MS Worksite Raids Leave Hundreds of Children Stranded Without Parents -Concerns About ICE Policy
8/8/19 Yesterday’s news of a series of worksite raids in Mississippi, resulting in the arrest of nearly 700 individuals is one of the largest operations of its kind in nearly a decade. Reports said with the arrests of parents and family members many children were left stranded when they arrived home from school. Educators and other volunteers in the area were left to devise emergency plans to shelter children with nowhere to go. This crisis was worsened by Immigration and Customs Enforcement (ICE) seemingly not adhering to their own guidelines to lessen impacts on children by notifying social service agencies in advance of worksite actions.
NEWS - Trump’s executive order to stop issuing green cards temporarily, explained
4/21/20 President Trump announced that he will sign an executive order temporarily suspending the issuance of green cards, saying it’s needed to protect American jobs amid an unemployment crisis brought on by the coronavirus pandemic. Under the executive order, American citizens will still be able to apply for green cards on behalf of their children and spouses, according to the Times. But the families of existing green card holders and those applying for green cards through their employer will not be able to do so for a period of 60 days.
RESOURCE - ALA DACA Renewal Video - Scholarships Available
5/5/20 Contact Asian Law Alliance ' right away for a free consultation to see if you should renew your DACA. (408) 287-9710. Scholarships for the $495 fee are still available for eligible applicants. The Supreme Court is currently considering termination of the DACA program. A decision could come any day and if they decide to terminate the program, it will be too late. The good news is, that the U.S. Citizenship and Immigration Services (USCIS) is still accepting DACA renewals. If your DACA will expire within the next year or even if your DACA has expired, you may be able to renew. Key Words: Undocumented., immigration,
Republican and Democratic Officials Continue to Accept Refugees, Rejecting Trump’s Executive Order
1/8/20 As of January 2, a total of 39 governors, 86 mayors, (and other local officials) had expressed their commitment to continue accepting refugees. There has been strong bipartisan support, including from prominent Republican officials. The pledges of support are a response to an executive order President Trump signed in September 2019. The order requires state and local authorities to provide written consent to resettle refugees within their boundaries. 1/15/20 Update: Federal Judge Peter Messitte issued a preliminary injunction temporarily blocking the Trump administration from enforcing its executive order giving state and local governments the power to opt out of refugee resettlement. Judge Messitte ruled the executive order was likely unlawful. In his decision, he called for the program to “go forward as it developed for the almost 40 years” before the executive order was announced. Key Words: Asylum, Immigrant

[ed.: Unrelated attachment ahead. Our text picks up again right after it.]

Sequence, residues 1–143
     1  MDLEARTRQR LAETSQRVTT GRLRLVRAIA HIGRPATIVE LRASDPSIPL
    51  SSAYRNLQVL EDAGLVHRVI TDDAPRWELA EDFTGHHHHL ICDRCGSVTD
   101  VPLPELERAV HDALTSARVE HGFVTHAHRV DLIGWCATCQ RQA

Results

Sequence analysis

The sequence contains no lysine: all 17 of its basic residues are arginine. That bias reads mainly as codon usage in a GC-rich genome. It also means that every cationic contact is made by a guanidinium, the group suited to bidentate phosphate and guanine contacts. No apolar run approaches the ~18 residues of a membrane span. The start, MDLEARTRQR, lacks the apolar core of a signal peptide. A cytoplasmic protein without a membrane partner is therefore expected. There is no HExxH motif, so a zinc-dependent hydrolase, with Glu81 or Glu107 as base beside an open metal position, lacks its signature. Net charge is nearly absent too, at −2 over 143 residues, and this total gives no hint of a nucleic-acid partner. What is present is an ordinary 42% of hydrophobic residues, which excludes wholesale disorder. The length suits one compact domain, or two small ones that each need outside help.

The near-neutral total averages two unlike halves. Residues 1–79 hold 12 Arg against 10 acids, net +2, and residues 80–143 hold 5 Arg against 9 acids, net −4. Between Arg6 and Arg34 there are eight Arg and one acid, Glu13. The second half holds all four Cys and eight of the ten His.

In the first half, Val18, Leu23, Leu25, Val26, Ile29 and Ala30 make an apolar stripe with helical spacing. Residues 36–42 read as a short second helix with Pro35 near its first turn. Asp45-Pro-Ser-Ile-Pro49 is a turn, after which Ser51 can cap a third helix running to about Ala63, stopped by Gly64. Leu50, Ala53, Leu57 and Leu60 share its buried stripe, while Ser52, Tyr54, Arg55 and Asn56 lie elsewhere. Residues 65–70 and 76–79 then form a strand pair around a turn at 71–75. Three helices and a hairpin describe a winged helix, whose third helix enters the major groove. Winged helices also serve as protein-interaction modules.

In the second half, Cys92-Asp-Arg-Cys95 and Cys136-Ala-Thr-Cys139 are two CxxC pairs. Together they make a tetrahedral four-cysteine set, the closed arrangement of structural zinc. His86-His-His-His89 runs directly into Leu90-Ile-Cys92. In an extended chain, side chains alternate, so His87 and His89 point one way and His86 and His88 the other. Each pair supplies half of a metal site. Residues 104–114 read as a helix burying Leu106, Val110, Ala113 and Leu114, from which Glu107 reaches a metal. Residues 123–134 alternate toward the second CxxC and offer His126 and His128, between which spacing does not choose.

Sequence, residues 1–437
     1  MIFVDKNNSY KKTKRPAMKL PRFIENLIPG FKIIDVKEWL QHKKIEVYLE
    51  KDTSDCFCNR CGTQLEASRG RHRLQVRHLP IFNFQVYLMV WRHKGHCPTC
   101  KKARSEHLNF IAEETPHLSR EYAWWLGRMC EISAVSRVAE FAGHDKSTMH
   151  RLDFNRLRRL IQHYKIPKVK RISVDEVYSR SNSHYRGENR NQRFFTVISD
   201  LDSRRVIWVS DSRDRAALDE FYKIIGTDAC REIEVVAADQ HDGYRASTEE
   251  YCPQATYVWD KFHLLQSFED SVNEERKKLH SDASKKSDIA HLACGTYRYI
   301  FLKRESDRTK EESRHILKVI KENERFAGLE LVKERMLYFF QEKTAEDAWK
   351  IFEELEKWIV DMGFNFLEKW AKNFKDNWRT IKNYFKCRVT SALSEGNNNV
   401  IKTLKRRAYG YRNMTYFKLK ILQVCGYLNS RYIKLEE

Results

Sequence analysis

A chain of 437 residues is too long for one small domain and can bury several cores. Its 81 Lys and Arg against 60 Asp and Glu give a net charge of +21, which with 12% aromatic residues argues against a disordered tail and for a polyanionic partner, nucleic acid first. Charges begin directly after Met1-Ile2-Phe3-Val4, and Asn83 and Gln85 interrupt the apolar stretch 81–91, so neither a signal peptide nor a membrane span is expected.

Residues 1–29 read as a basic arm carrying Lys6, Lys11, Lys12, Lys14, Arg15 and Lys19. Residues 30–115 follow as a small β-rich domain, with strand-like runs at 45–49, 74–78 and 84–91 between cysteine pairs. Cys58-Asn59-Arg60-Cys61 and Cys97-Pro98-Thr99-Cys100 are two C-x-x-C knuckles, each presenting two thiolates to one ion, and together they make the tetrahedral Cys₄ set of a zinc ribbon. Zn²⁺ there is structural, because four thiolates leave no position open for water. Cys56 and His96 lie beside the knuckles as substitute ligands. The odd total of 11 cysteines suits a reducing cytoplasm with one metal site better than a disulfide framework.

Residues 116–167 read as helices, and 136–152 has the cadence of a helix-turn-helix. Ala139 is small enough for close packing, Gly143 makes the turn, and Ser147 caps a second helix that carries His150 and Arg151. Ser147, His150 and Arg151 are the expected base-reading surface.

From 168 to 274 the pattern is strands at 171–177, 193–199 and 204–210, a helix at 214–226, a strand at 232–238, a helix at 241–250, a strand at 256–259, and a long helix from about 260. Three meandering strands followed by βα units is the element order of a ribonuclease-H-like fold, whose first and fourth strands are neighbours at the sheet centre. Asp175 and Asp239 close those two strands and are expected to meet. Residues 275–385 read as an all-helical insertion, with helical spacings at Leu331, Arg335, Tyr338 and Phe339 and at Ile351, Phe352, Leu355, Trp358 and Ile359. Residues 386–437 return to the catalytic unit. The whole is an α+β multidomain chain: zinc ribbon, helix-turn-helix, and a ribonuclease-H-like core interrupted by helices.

SCC OIR Newsletter10 - Employment Based Immigration
6/29/20 Highly Skilled Immigrants Barred from Entering the U. S. Until 2021 On June 22nd, the Trump Administration extended and expanded its April proclamation that barred certain immigrants from the U.S. for an initial period of 60 days. In April, Trump already banned people with certain "non-immigrant visas" from entering the U.S., including immigrants on work-related visas and family members of U.S. citizens and diversity visa applicants. The ban is now extended through the end of the year. The administration is also restricting immigrants who are here on employment-based visas: H-1B, H-2B, L from entering the U.S. if they traveled abroad.
1/27/20 "Public Charge" Rule: Trump Administration Action Targeting Immigrant Families On January 27, 2020, the Supreme Court allowed Trump's Public Charge rule to take effect in every state but Illinois. This is not a final decision and Santa Clara County will continue its lawsuit challenging the rule. The County urges residents to consult with legal service providers when making decisions for themselves and their families. Many immigrants are not subject to any DHS public charge assessment at all, including lawful permanent residents (green-card holders) unless they leave the country for more than 180 days; individuals applying for asylum or refugee status; and many other immigrants. And many benefits also are not implicated by the rule (neither use of WIC nor CHIP is considered under the new rule). The County funds the following organizations that provide free or low-cost legal advice on immigration and public benefits. Legal Resources: Bay Area Legal Aid: (408) 850-7066 English, Spanish Asian Law Alliance: (408) 287-9710 English, Vietnamese, Chinese, Tagalog, Korean, Spanish Law Foundation: (408) 293-4790 English, Vietnamese, Chinese, Spanish, and more Key Words: Citizenship